Sometime in my mid-twenties, I decided I wanted to stay in the Maryland area and buy a home.
I could afford a mortgage around $1,500 per month based on my expenses—mostly student loan payments—and salary. If I found the perfect home, I could stretch to afford around $1,750 per month.
As I searched for my future home, I played a financial game with myself. I’d soon be saddled with a $1,500 mortgage, so why not spend like I had one already? Why not pay a “pretend mortgage” before my real one so I had a better idea of what it would feel like?
When I was looking for a home, I was sharing a two-bedroom apartment with a friend and paying $600 a month, plus utilities. It was a steep jump to go from $600 to $1,500 a month, so playing this game was important.
At the time, I was budgeting using an app, so I knew I could handle the increase.
I could maintain one of my key money ratios, paying less than 30% of my salary to housing. But I still needed to know how it felt. It’s one thing to see it in an app and another to feel it.
How ‘Playing House’ Worked for Me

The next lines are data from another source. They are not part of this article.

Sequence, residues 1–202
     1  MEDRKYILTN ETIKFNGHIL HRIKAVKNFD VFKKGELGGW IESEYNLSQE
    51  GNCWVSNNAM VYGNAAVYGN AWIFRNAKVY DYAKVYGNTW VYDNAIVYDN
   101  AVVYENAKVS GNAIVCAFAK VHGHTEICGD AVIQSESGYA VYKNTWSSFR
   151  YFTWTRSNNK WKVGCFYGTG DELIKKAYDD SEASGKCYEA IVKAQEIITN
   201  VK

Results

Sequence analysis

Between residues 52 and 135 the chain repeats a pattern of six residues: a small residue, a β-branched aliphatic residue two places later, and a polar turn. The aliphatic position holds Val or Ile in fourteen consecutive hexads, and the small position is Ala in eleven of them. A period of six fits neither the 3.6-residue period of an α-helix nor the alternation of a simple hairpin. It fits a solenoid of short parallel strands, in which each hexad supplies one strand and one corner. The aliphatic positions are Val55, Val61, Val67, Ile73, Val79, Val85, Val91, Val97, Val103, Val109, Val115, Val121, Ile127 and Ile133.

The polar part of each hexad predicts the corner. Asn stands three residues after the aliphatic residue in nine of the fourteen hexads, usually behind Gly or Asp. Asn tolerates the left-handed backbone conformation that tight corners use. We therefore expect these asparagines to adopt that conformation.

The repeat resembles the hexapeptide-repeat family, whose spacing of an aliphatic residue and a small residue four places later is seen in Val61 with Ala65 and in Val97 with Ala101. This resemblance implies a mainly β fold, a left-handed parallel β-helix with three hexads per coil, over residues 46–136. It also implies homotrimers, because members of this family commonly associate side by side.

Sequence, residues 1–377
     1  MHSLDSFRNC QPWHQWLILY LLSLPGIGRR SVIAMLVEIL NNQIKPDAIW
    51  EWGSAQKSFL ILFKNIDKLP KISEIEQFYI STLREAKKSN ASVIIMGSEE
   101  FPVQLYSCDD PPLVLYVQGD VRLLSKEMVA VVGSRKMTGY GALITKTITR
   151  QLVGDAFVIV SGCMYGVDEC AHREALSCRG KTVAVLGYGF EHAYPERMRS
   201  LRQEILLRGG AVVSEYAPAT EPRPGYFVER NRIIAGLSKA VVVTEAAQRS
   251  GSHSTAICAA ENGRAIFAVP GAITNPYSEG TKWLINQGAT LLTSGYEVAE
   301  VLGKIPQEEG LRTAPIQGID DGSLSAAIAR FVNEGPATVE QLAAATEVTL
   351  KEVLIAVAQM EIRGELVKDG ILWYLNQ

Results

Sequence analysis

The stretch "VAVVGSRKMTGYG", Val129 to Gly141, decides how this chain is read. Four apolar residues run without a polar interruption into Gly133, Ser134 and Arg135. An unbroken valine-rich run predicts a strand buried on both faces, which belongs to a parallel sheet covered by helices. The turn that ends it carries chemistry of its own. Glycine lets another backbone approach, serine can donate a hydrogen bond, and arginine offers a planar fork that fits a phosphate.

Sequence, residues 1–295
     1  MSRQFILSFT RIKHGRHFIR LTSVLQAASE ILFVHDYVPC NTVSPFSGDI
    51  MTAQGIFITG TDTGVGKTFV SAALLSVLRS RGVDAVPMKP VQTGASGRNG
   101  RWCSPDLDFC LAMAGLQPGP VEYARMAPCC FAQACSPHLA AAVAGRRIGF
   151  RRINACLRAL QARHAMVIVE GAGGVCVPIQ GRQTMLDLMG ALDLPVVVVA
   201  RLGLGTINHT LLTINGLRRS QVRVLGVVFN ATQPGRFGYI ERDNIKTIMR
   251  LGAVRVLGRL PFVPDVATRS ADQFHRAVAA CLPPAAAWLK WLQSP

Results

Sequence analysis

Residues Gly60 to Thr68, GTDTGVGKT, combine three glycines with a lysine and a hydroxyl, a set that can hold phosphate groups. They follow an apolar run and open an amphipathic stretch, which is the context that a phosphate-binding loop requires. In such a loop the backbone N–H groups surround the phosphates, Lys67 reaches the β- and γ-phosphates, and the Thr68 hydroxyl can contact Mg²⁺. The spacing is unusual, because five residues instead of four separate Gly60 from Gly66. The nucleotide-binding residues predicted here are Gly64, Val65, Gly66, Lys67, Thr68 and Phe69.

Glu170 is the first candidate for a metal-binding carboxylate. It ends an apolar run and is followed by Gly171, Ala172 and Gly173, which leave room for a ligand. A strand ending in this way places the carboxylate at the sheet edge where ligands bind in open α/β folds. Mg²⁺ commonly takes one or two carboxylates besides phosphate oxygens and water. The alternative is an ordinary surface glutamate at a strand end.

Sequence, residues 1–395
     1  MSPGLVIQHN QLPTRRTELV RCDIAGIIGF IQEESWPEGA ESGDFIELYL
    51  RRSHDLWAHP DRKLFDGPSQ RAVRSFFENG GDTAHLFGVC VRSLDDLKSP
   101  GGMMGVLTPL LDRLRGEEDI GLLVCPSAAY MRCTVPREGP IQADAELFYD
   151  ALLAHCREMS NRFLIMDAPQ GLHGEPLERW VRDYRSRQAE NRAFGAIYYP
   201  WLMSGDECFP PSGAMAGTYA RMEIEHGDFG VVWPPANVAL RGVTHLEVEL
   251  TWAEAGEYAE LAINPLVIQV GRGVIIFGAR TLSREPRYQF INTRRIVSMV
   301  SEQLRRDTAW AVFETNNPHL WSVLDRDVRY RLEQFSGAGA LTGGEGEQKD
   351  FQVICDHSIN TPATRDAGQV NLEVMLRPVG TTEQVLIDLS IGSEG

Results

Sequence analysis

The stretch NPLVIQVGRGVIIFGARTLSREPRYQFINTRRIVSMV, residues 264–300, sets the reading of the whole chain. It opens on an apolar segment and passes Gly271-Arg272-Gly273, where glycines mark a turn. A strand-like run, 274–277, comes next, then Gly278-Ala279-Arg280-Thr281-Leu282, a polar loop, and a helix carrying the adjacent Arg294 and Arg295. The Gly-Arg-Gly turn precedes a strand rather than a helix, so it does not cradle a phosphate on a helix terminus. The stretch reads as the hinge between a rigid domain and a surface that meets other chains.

Every month, I paid my $600 for rent and set aside $900 in savings. As you’d expect, I didn’t just transfer money from one account to the other, because who has $900 sitting around? If I did, I wouldn’t need to play house!
I had to make adjustments. I contacted my human resources representative to reduce my 401K contributions so I’d have more in my paycheck. I had to adjust my other savings goals as well because I wouldn’t be saving as aggressively.
I also started going out to dinner and bars less often. Instead of going out for drinks a few times a week, I limited myself to two nights, on the weekends.
Making those trade-offs became easier — and easier to explain to friends without having to deal with grumbling, because I was making a clear choice. I was cutting some social time because I wanted to buy a house. I wasn’t saving money for the sake of it. I had a very good reason: to buy a house.
The housing search took about 18 months and I played house for only 12 of them, so I had an extra $10,000 or so saved up in my mortgage account. I took that money and put it toward the down payment.
The house ended up having a mortgage that was a little less than $1,500, and after living with the mortgage payment for a year and a half, I had no trouble adjusting to it.
If you’re thinking about buying a home or making a similar large purchase, consider playing house first.